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The Lawphil Project - Arellano Law Foundation






The flow of cases in the trial courts from the time of filing until their final
disposition has been the subject of constant public criticism. The trial period is
exceedingly long. It usually takes more than two or three years to finish. The slow
grind of the trial court machinery has made the legal maxim "justice delayed is
justice denied" aptly descriptive of the dismal situation obtaining in that level
of jurisdiction. Indeed the ultimate victims are always the ordinary litigants. The
real culprit is the common practice of piecemeal trial of cases that sets cases for
trial one day at a time and thereafter continued or postponed to another date until
all the parties have finished their presentation of evidence.

A. General Guidelines for All Trial Courts

In order to minimize the aforesaid delay in the processing of cases in the trial
courts, the following guidelines are hereby issued for strict compliance by all the
trial judges in the management of their calendar:

1. During the pre-trial of all civil cases-including special proceedings and

special civil actions whenever practicable-which does not result in an amicable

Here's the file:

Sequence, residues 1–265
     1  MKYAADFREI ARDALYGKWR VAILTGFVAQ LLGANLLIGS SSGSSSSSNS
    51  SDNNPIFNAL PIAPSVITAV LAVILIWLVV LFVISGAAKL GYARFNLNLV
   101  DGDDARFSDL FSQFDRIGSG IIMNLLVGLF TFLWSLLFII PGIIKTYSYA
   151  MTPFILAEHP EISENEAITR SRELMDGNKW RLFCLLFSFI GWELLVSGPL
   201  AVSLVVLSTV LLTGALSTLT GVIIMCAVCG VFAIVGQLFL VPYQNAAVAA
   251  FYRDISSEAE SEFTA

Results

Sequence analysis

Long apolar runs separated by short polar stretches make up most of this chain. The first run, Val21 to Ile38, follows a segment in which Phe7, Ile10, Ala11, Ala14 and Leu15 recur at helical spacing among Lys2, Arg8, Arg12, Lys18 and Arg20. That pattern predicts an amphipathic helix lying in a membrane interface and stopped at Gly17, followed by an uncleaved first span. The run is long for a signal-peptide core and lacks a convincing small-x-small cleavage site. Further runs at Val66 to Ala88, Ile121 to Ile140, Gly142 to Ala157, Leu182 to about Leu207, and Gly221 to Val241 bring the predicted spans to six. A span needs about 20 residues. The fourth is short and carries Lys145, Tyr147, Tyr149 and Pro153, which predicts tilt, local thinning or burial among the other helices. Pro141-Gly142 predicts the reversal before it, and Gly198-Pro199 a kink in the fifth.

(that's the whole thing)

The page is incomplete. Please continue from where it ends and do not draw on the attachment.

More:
settlement, the following matters, aside from those already mentioned in Rule 20,
Rules of Court, must be agreed upon by the parties before the pre-trial is

(a) the number of witnesses to be presented;

(b) the approximate number of hours that will be required by them for the
presentation of their respective evidence; and

(c) the specific trial dates needed to complete evidence presentation by all the
parties which must be within a period of three (3) months from the first day of

1.1 Where cases passed the pre-trial stage but not yet tried at the time of the
issuance of this Circular, the parties shall be called to a conference for the
purpose of making the agreements referred to above.

1.2 Cases already being tried at the time of the issuance of this Circular, shall
be immediately set for conference in accordance with the procedures set forth in
Section 6, Rule 22 of the Rules of Court with the end in view of eventually setting
them for completion of the trial phase within three (3) months. The older cases
shall be given priority in the trial calendar.

1.3 In criminal cases, the parties must also agree on the matters stated in
paragraph 1 above, immediately after arraignment if there is still a need for trial

1.4 These agreements must be made in open court before the parties are dismissed
from the courtroom. The agreed dates shall be written on the record of the case and
the parties and their counsel shall be required to affix their signatures below the
dates inscribed on the record of the case in open court. They shall be advised by
the court that they are all deemed notified of these agreed trial dates in open
court and that no further notice will be sent to them. The parties shall be further
advised that they will be responsible for bringing their respective witnesses on
the dates they are scheduled to testify.

1.5 The names and addresses of witnesses that need to be summoned by subpoenas
shall be given at the same time when the foregoing matters are agreed upon, so that